5 Minutes with Anna Bölcsföldi
Words by Mar Marín • Dec 15 2022
Our monthly series of brief conversations with grassroots activists, creative technologists, and change-makers, who are also representatives of our 32-member organizations. Get to know the people at the forefront of the civic tech realm!
Anna is currently Code for Hungary’s representative at the network. She coordinates a non-profit community implementing high social impact projects involving volunteer developers and IT specialists aiming to empower civic institutions.
Get to know Anna!
I wear many hats in my professional life: helping non-governmental organizations with their communications and social media, creating their web pages, and helping in their campaigns. Currently, I’m the Project Coordinator at Code for Hungary.
Unless it’s very cold you can see me getting around in the city on my bike. I like to go on hikes and participate in Shinrin-yoku —which translates to forest bathing—, being present with all senses, meditating, and connecting to nature.
What is the first thing that comes into your mind when you brood about civic tech?
I reflect on equal opportunities, accessibility, democracy, and comradery. There are so many tools out there. It’s great to be able to research before jumping into a project.
I also really appreciate low-tech solutions. For example, an excel sheet can be an excellent place to organize people.
How did you find yourself working in the realm of civic tech?
Already in high school, I was interested in tech. I used to copy HTML codes of big sites and make them my own.
In the last couple of years, I have been working with several non-governmental organizations, helping them with tech-related issues and creating websites for specific projects or organizations.
I connected with Code for Hungary at the beginning of 2022, and it was great to find a community full of kind and enthusiastic developers.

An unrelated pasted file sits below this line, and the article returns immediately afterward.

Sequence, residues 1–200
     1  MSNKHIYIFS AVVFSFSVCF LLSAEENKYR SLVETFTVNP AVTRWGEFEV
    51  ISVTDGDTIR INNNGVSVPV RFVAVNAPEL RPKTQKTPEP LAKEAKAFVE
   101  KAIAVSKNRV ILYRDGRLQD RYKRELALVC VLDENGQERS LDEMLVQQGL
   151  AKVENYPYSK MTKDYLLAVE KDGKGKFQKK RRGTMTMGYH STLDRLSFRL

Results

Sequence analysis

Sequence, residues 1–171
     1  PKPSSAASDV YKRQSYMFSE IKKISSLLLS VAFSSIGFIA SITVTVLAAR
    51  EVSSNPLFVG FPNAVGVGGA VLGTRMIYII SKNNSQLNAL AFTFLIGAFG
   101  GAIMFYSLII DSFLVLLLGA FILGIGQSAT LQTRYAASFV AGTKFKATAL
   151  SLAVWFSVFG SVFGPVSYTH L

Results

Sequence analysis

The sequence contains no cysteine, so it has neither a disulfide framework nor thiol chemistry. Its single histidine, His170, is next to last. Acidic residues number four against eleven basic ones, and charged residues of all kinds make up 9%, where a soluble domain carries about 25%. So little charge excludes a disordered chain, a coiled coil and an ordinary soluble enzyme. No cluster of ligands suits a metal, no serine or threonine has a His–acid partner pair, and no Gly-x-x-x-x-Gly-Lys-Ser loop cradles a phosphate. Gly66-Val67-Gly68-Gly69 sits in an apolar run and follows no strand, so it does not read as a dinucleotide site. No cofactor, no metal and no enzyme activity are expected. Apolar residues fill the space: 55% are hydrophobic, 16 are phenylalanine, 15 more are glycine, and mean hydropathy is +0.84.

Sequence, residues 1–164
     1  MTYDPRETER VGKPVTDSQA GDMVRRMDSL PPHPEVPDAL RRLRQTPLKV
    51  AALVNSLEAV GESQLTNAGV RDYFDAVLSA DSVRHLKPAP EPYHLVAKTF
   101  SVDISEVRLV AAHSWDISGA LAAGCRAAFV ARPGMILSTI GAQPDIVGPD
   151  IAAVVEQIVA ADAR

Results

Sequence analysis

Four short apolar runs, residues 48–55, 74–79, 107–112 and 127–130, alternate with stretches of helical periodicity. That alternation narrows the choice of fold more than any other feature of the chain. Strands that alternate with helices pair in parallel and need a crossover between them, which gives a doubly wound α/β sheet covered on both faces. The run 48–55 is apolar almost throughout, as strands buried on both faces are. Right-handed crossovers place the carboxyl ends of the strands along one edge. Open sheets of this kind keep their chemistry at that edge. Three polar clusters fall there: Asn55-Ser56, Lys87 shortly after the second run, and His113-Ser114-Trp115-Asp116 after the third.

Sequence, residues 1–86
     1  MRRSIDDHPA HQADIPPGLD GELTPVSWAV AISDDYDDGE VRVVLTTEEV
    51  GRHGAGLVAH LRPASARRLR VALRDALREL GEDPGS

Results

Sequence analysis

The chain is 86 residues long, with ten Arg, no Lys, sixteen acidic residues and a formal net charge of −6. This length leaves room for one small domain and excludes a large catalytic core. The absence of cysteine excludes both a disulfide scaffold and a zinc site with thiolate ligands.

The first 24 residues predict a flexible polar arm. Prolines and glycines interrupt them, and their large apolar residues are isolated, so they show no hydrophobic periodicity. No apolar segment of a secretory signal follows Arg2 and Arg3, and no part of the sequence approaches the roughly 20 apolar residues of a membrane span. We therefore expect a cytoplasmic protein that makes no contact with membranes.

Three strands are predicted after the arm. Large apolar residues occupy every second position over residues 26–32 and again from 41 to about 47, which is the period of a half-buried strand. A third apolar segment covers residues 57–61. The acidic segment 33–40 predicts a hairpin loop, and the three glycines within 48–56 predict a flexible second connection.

What are the biggest civic tech challenges in your region?
The government is not really cooperative and has old rigid systems. Often they don’t publish data (there are times when you have to go to court to access data), or they publish it in a way that is very difficult to use or search (like thousands of PDF files). The municipalities are more open to collaboration, but they have limited resources.
To create innovative solutions and open-source tools, you need to have the time and mental capacity. It’s a difficult time right now, so a lot of non-governmental organizations struggle just to keep up their day-to-day work. Mostly, they rely on grants. They have to provide results quickly and there is not enough time to really think about the problems. Often this results in not sustainable solutions. It’s almost impossible to crowdsource enough funds for tech projects.
Anna’s recommendations for you:
If you are interested in the restoration of a 120-year-old house, I highly recommend Laura Kampf’s youtube channel: https://www.youtube.com/c/laurakampf.
The process is also a wonderful metaphor: nothing goes as planned, and many obstacles come her way. She needs to involve professional help at some point but still perseveres because of her passion and the clear goal. New episodes every Sunday —around 15 minutes long.
Want to get in touch?
Reach out to Anna via email at email@example.com and find Code for Hungary on their Facebook community for upcoming updates about their amazing Hungarian civic tech community!